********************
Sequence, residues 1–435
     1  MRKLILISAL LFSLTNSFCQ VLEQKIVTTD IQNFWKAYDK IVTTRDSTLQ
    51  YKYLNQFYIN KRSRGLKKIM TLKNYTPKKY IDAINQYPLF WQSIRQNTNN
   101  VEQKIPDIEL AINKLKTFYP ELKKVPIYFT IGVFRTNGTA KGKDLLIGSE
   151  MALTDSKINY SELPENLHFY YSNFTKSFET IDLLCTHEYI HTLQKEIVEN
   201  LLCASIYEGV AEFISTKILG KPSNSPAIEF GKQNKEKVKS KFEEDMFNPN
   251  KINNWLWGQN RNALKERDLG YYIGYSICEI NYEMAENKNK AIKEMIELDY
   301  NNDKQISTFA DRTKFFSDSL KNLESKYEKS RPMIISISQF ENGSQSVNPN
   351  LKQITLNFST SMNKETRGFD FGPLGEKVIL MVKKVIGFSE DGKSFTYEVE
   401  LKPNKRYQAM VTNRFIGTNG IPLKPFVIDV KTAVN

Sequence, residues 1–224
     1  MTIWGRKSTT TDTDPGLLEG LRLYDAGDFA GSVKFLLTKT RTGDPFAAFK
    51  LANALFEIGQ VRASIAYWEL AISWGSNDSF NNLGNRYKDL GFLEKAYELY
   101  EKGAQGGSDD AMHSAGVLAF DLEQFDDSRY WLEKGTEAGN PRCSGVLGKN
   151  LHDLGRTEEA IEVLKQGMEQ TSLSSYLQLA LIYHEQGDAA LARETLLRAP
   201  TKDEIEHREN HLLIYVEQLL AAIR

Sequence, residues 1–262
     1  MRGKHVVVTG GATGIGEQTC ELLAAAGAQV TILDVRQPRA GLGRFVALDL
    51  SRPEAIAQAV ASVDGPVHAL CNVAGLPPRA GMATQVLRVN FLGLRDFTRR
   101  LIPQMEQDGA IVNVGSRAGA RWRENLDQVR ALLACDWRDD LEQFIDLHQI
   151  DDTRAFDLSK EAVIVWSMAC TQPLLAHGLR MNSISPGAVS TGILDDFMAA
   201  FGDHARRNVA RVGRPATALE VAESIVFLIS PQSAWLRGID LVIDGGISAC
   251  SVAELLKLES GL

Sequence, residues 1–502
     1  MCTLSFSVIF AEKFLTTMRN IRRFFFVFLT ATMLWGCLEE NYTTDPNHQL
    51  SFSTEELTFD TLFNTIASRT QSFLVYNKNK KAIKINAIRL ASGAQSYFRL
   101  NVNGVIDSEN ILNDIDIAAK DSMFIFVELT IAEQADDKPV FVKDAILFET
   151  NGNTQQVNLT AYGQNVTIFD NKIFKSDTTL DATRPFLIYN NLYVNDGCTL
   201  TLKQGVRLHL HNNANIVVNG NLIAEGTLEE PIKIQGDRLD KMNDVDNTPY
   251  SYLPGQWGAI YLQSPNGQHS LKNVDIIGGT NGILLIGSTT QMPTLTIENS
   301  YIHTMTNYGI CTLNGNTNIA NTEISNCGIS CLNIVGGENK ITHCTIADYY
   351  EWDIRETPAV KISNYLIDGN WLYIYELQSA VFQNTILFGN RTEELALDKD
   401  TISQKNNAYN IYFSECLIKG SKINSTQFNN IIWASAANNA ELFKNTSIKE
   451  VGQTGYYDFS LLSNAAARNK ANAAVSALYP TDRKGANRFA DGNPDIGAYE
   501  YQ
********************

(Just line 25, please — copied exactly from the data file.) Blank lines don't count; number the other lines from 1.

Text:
     1  MCTLSFSVIF AEKFLTTMRN IRRFFFVFLT ATMLWGCLEE NYTTDPNHQL